The second half of the course is marked by some long, straight sections of farm road which are very scenic, but serve to reinforce how far a mile is on foot. At one point I saw a mirage of three figures running along up ahead, and I wondered if they were part of the race. But I soon realized they were running toward me, and it turned out to be a trio of high school aged boys who gave me some well needed cheers as they passed.
Somewhere in the last couple miles I was making my way up a slight hill and passed a farm with a sign saying “J-Bar Ranch”. Always on the lookout for humorous “hooks” for my Run Oregon race reports, I was thinking my legs were beginning to feel like they should be put out to pasture at the “FUBAR Ranch”. But in actuality my legs still felt relatively decent, and despite the usual general strain and effort of the final miles, I was able to maintain a decent pace. (But I’m keeping the joke in here for your amusement – or mine at least!)
Before the race, a friend and I had warmed up on the last mile of the course, and I noticed an aid station with a blue canopy a couple hundred meters down the road, visible from the final turn. Now, as I entered the last mile and turned onto that road, the blue canopy was clearly visible up ahead. That was a welcome sight, and an indication that the finish was not far away.
I made the last turn, climbed a short, slight hill, and entered the shaded, downhill final stretch to the finish, where I crossed the line, received my finisher’s medal and dahlia, and retrieved my camera to take photos of some of the other finishers.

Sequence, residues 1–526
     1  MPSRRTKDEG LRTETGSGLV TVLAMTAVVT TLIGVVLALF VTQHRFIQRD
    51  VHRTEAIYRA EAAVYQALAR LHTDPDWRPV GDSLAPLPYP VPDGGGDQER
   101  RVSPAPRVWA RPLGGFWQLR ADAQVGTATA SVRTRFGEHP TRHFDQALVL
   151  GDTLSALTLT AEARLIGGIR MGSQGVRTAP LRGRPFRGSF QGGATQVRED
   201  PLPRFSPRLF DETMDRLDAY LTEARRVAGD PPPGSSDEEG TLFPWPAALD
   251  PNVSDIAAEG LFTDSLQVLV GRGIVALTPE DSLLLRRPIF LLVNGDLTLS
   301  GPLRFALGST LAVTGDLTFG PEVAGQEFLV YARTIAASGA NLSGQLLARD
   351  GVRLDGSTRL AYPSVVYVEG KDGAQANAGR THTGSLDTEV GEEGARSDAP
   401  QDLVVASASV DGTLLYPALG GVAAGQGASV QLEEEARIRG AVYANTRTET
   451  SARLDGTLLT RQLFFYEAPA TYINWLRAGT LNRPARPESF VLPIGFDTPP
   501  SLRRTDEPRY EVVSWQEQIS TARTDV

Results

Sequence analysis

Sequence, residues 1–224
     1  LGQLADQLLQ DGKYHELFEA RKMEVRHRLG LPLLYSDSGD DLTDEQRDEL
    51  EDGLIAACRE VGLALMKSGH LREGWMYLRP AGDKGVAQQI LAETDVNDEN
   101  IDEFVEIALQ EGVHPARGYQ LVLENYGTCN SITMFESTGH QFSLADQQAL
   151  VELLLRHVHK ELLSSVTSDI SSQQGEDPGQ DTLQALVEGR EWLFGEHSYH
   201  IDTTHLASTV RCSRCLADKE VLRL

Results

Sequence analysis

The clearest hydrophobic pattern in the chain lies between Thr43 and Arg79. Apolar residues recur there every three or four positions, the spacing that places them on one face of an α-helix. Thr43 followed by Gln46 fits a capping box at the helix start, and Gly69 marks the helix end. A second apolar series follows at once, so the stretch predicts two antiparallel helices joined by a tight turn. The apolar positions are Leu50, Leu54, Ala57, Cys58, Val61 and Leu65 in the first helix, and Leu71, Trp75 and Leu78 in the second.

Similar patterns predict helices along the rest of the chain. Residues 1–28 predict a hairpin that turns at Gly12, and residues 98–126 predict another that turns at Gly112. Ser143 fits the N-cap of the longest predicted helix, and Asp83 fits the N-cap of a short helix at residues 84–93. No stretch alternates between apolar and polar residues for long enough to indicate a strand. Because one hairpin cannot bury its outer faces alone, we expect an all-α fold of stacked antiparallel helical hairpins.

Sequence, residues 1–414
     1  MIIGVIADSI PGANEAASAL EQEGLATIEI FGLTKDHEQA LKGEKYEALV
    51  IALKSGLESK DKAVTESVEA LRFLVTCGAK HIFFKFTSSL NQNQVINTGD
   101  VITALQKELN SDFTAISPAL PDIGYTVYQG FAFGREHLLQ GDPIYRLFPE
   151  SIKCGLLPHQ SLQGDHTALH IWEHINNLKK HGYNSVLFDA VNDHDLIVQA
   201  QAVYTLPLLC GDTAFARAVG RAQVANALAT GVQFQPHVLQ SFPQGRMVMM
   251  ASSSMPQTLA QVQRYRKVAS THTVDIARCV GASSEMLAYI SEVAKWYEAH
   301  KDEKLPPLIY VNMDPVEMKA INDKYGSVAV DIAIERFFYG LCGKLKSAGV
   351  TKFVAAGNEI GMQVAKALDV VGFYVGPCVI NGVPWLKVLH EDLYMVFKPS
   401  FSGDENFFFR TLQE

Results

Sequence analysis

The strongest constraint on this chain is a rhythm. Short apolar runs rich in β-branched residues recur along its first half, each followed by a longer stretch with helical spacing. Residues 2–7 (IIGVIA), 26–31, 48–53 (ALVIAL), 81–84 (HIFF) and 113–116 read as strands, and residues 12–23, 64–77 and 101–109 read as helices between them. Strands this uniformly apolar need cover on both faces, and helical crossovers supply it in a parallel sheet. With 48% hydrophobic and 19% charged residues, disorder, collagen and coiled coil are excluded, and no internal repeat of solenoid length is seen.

As I returned to the finish area, the three high school runners were entering the parking lot, and I thanked them for their encouragement. I should probably have also thanked them for not racing!
Touch screens were available for instant results and printouts courtesy of Überthons, and medals were presented to the top three in 10-year age groups. A beautiful red Corvette was parked near the finish, but to my disappointment it was not one of the prizes.
People always seem to have a great time at the Canby Dahlia Run, and if HTC is not on your schedule next year, or you feel like trying an alternative, you can’t go wrong with the CDR!
Results (For full results click HERE):
1. Adam Divergilio*, 40, Lake Oswego, 1:20:07
2. Keith Wilson, 29, Klamath Falls, 1:22:22
3. Todd Bryan*, 51, town n/a, 1:22:39
1. Kathryn Flyte, 22, West Linn, 1:26:53
2. Rachel Peters, 27, Canby, 1:32:34
3. Alexandra Jones, 23, Lake Oswego, 1:33:40
1. Mark Capalbo, 43, Portland, 1:23:12
2. Chuck Coats, 54, Prineville, 1:25:10
3. Todd Coblentz, 46, Stayton, 1:25:40
1. Leslie Pierson, 41, Canby, 1:41:39
2. Tracy Della Valle, 50, Portland, 1:51:14
3. Mary Pat Bland, 42, Portland, 1:51:51
1. Michelle Hurn, 31, Portland, 38:01
2. Deanna O’Neil*, 49, Canby, 39:43
3. Hailey Rambo, 24, Bend, 46:07
1. Joe Dudman*, 50, Portland, 36:53
2. Ethan Patterson, 17, Canby, 38:28
3. Tedd Girouard*, 42, Las Vegas, 39:23
1. Janelle Dickerson, 49, Portland, 48:52
2. Stephanie Barnette, 42, Camas, 50:57
3. Betsy Natter, 49, Beaverton, 53:35
1. Greg Kempthorn, 47, town n/a, 41:10
2. Jeff O’Neil, 56, Canby, 41:58
3. Jason Waalices, 49, town n/a, 42:11